Mixing Prescription Medications: The Dangers of Poly-Drug Use
Poly-drug use can be a very dangerous form of substance abuse that involves the simultaneous use of two or more drugs at the same time, or mixing drugs within a short timeframe. It is well-known that using illegal drugs such as cocaine, methamphetamines, opiates, alcohol and ecstasy can be very hazardous and potentially lethal, but there are many legal drugs including amphetamines, benzodiazepines and barbiturates that can be equally as dangerous when used in large quantities or mixed together.
Poly-drug use can increase the danger of the substances that are prescribed to regulate a certain condition. They can often reduce or emphasize the effects of certain substances in a way that can be damaging to the body and mind, and sometimes trigger catastrophic health effects. People can be at risk of death from involving themselves in multiple drug intoxication (MDI) or combined drug intoxication (CDI).
Rehabilitation from Poly-Drug Use
Drug users partake in poly-drug use for a variety of reasons. Typically, taking multiple drugs at once is an attempt to heighten the experience of one or more drugs. It can also happen when a user takes a substance in order to counterbalance the effects of another drug – such as taking benzodiazepines in order to counter the effects of amphetamines. In other cases, a user will begin taking multiple drugs in order to achieve the same effects of a drug that isn’t currently available to them – such as taking methadone and opiates together.
Pharmaceutical companies examine the therapeutic effects of a drug and also look at the potential it has to create unwanted or dangerous side effects. However, while they are able to look at the effects of an individual drug, it’s difficult to determine all of the possible side effects and counter-indications of mixing different drugs.
Poly-drug use is incredibly dangerous because it can trigger hazardous or deadly interactions between substances. Many of these interactions are never studied by doctors or researchers, making it difficult to predict which combinations will cause severe addictions that require rehabilitation and lifelong sobriety. There are many factors involved including how much of the drug the user is taking, the method of use, the purity of the drug, frequency of use, expectations, personality of the user and more. With all of these unknowns, it is incredibly important for a user who is involved in poly-drug use to seek professional help.
Dangerous Poly-drug Use Interactions
Depressants are drugs that reduce the normal level of activity in your body’s central nervous system. These are the functions that basically keep you alive – brain activity, heart rate, breathing, etc. Opioids and sedative-hypnotic drugs like barbiturates and benzodiazepines (including alcohol) can further reduce the functioning of your central nervous system to the point where you may stop breathing, fall into a coma, or your heart stops beating.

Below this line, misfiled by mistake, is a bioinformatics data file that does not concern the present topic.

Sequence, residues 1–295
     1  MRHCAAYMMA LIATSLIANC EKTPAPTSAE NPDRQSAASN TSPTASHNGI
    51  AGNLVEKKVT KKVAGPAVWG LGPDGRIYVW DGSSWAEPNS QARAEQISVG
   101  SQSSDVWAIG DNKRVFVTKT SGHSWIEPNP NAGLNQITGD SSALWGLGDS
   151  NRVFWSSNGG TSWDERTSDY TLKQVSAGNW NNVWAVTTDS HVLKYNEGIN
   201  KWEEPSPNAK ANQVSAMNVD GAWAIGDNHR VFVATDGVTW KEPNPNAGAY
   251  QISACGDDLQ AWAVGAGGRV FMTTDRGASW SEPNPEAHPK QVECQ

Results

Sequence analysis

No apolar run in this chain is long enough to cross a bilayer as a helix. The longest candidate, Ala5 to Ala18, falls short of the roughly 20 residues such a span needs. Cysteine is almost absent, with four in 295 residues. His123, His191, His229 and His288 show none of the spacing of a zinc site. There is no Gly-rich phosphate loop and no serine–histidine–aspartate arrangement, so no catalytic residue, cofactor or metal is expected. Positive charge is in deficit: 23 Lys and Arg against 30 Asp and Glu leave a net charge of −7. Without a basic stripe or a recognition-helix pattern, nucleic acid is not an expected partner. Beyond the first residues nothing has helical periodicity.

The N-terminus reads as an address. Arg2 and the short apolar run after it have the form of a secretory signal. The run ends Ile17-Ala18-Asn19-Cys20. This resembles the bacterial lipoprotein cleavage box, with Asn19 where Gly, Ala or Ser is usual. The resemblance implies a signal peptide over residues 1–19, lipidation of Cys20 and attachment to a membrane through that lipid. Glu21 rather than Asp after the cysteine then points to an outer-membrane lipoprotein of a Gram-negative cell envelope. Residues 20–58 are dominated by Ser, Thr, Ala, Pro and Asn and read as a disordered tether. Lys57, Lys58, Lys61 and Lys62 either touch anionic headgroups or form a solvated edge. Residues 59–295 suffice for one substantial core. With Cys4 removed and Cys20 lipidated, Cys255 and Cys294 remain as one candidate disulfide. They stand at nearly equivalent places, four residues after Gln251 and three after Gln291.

Stimulants, on the other hand, include cocaine, methamphetamine and other types of amphetamines. These drugs increase activity in the central nervous system causing side effects such as blood vessel constriction, increase of heart and breathing rate, and overall increased pressure on the heart. Using two or more stimulant drugs can cause fatal reactions because of the extreme pressure on your cardiovascular system.
Using both stimulants and depressants at the same time can result in unpredictable situations. When you have substances in your body that are working to both slow down and speed up the central nervous system, it can be a fatal interaction. Alcohol and stimulants have been shown to be particularly dangerous as both of the substances can produce significant dehydration. They can also affect normal kidney and liver function and trigger bodily responses that can be damaging and also fatal.
In 2011, over half of all alcohol-related emergency room visits involved both illicit and prescription drugs. Prescription stimulants such as Adderall, Ritalin and others can produce effects similar to cocaine – especially when mixed with alcohol. They can spike your heart rate and lead to both immediate and long-term heart complications. Anxiety medications such as Xanax and Klonopin have similar effects to alcohol and both substances act on neurotransmitters in the brain, creating an effect that increases intoxication when used together with alcohol. Mixing alcohol with these prescription medications increases the risk of coma and death.
Sleeping pills are another sedative that can have incredibly dangerous effects when mixed with alcohol or other drugs. They increase the rate of sleepwalking injuries, coma and death.
Seeking Help for Poly-Drug Abuse
The risk of harm is incredibly heightened when users are ingesting more than one prescription drug without being monitored or advised by a healthcare professional. The use of multiple drugs can affect heart rate, blood pressure, body temperature, dehydration as well as mental faculties and can increase the chance of serious problems including overdose, severe emotional and mental disturbances like panic attacks and paranoia as well as thoughts of suicide.
If you are experiencing difficulty with poly-drug abuse, do not hesitate to contact us at Arizona Addiction Recovery Center for help in dealing with your addiction. These issues are becoming increasingly common and people should never stop themselves from reaching out for help.